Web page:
Relevant Memorabilia: Pitching Perfectionists
All the rare pitching feats
occurring in the Major Leagues this season made me wonder what any good
ballhawk or baseball fan can’t help but contemplate: What connection do I have to history? I’ll share a few of
my ballhawking experience with you that closely link me to baseball history.
On May 29th of
2010, Denver native Harold Leroy Halladay, III, better known as
“Roy” or “Doc”, became the 20th pitcher in Major League baseball
history to throw a perfect game. That’s 27 men up, 27 men down… the minimum
amount of batters faced. The rare feat came against the Florida Marlins, one of
the leagues more formidable lineups.
Rewind to June of 2008. As a
younger ballhawk, I would identify opposing players and make my sole goal for
the series to obtain a toss up or batted ball from the individual player. When
the Toronto Blue Jays visited Miller Park,
I Roy Halladay found himself in my sights. While playing catch in the left field
corner, I politely notified Roy I
was his “biggest fan”. He had been one of my favorite pitchers for quite some
time. After throwing, he tossed his warm-up ball right to my extended glove,
and another fan promptly snatched said ball from my grasp. Disgusted, Roy searched for another baseball. Upon finding one, he
rocketed a strike right into my awaiting webbing. Mr. Halladay was even classy
enough to sign the ball for me.
When the Brewers squared off
against the Colorado Rockies to being the 2010 season, I was in attendance for
all three games. On day one, aces Yovani Gallardo and Ubaldo Jimenez took the rubber,
battling against each other in a gem of a game. Jimenez edged out Gallardo, lifting
the Rockpile above the Crew. The next day, I arrived rather early to the
ballpark. It was a rainy and bleak day; you didn’t see too many people outside.
When players arrive at Miller Park, they’re dropped off under the loading bay, out of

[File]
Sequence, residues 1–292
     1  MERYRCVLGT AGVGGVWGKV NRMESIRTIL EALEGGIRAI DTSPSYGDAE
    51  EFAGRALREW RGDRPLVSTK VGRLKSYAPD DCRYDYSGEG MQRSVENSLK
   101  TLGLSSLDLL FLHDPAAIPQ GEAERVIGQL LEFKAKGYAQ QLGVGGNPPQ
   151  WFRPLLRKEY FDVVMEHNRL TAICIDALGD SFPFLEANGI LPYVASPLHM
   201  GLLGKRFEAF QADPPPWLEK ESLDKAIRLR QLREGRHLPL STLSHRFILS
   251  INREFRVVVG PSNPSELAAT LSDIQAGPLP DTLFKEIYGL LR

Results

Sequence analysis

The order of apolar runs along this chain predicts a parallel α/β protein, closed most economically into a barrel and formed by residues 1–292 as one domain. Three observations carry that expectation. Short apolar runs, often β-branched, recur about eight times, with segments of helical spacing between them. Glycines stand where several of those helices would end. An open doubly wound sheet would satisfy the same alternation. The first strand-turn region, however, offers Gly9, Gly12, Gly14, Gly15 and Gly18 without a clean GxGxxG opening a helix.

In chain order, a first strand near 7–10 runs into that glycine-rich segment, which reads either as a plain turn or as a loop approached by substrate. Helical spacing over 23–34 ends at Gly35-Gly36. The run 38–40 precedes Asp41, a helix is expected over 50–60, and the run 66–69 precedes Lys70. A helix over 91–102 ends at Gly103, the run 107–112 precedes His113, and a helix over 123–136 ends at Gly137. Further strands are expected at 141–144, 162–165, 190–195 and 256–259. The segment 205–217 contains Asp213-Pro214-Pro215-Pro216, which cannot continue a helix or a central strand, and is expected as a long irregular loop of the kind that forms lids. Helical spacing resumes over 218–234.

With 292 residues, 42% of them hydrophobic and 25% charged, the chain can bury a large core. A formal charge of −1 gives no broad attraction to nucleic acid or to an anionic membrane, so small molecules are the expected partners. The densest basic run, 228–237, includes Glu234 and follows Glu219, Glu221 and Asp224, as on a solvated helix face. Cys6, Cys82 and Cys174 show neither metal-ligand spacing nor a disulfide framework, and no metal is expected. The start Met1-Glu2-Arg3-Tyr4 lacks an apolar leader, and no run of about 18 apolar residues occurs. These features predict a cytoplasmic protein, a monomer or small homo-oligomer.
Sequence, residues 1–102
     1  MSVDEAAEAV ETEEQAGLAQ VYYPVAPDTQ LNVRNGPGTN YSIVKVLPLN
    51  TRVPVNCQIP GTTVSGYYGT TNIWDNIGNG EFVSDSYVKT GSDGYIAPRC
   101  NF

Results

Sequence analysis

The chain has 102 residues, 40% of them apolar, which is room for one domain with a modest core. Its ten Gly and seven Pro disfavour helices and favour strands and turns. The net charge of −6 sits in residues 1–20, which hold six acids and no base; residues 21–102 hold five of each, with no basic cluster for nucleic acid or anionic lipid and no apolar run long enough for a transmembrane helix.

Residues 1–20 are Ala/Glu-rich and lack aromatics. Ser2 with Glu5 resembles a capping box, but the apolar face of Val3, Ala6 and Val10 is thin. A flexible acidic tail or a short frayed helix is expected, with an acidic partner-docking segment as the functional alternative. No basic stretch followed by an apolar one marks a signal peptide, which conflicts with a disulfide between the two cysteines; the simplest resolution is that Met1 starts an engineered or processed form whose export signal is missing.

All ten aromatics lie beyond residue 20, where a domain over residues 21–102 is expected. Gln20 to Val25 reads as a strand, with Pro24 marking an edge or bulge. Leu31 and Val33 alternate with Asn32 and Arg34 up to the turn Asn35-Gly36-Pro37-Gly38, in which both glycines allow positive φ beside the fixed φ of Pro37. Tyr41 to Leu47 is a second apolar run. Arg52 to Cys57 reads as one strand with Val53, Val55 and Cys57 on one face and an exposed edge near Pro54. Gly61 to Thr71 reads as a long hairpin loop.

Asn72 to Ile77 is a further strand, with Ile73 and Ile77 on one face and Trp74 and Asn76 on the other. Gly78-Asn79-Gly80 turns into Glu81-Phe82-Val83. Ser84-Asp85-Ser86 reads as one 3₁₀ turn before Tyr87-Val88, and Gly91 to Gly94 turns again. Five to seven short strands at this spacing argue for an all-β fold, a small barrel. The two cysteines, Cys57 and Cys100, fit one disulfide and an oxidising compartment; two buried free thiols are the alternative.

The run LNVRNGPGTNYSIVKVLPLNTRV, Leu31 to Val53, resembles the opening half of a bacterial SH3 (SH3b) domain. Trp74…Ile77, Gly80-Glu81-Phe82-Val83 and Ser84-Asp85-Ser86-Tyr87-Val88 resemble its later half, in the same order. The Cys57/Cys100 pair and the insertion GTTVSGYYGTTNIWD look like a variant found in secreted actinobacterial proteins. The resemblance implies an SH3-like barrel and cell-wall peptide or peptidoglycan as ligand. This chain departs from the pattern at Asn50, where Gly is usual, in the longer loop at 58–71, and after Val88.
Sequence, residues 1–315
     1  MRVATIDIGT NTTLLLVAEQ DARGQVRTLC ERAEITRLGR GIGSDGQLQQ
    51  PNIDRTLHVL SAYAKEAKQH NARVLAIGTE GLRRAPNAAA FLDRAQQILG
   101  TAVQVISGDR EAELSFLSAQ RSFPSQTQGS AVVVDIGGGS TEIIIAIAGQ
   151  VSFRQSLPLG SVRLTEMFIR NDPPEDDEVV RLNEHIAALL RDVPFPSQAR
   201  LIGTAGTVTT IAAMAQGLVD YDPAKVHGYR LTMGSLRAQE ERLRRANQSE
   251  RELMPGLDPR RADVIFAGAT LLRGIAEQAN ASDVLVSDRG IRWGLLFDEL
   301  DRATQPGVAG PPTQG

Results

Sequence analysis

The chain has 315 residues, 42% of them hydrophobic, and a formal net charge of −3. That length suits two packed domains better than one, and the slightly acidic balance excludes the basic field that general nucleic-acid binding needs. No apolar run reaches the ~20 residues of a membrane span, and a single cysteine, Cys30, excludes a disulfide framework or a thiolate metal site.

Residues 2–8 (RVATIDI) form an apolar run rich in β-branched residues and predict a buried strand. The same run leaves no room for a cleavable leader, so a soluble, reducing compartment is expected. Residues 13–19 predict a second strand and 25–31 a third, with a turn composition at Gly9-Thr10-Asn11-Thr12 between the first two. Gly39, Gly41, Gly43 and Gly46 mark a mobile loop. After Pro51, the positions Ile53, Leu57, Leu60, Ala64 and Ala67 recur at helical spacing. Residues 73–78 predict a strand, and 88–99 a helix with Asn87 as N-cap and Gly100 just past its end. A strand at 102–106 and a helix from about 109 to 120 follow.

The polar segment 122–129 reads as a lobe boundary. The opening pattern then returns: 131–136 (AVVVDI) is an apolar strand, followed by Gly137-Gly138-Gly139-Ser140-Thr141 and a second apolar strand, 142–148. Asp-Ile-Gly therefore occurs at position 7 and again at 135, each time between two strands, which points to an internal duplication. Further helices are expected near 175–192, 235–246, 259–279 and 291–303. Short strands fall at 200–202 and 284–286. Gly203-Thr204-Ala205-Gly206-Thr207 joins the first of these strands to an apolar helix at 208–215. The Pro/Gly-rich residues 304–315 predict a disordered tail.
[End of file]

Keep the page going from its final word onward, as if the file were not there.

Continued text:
public view and past several security checkpoints. When the drunkards or those
without licenses arrive at Miller Park
via taxi, they’re dropped off on the other side of the stadium, near the ticket
windows. Thanks to some chance twist of luck, Ubaldo Jimenez, Jorge de la Rosa
and Manuel Corpas were dropped off in the general parking lot. Our paths
crossed, and I struck up a conversation with Ubaldo and company. Inside, Mr.
Jimenez must have remembered me, because he came right over and signed a (not
so beautiful) autograph for me and those accompanying me.
One of the reasons I love
ballhawking is you get to take home a piece of the game. The only feeling more
rewarding than actually throwing the perfect game or having a sub-1.00 ERA is
being able to hold in your hands a piece of memorabilia from those players
meant specifically for you, linking you to history. On the night of Halladay’s
perfect game, I broke out his tossup autographed ball and clutched it while
watching his highlights. The same goes for Jimenez’s baseball every time his
jaw-dropping 0.78 ERA flashes across SportCenter’s “bottom line”.
My dream as a child was to be the player shattering and resetting records. That may not have come true, but through ballhawking I still get my hands on and get to experience much more of the dream than anyone else can say they have.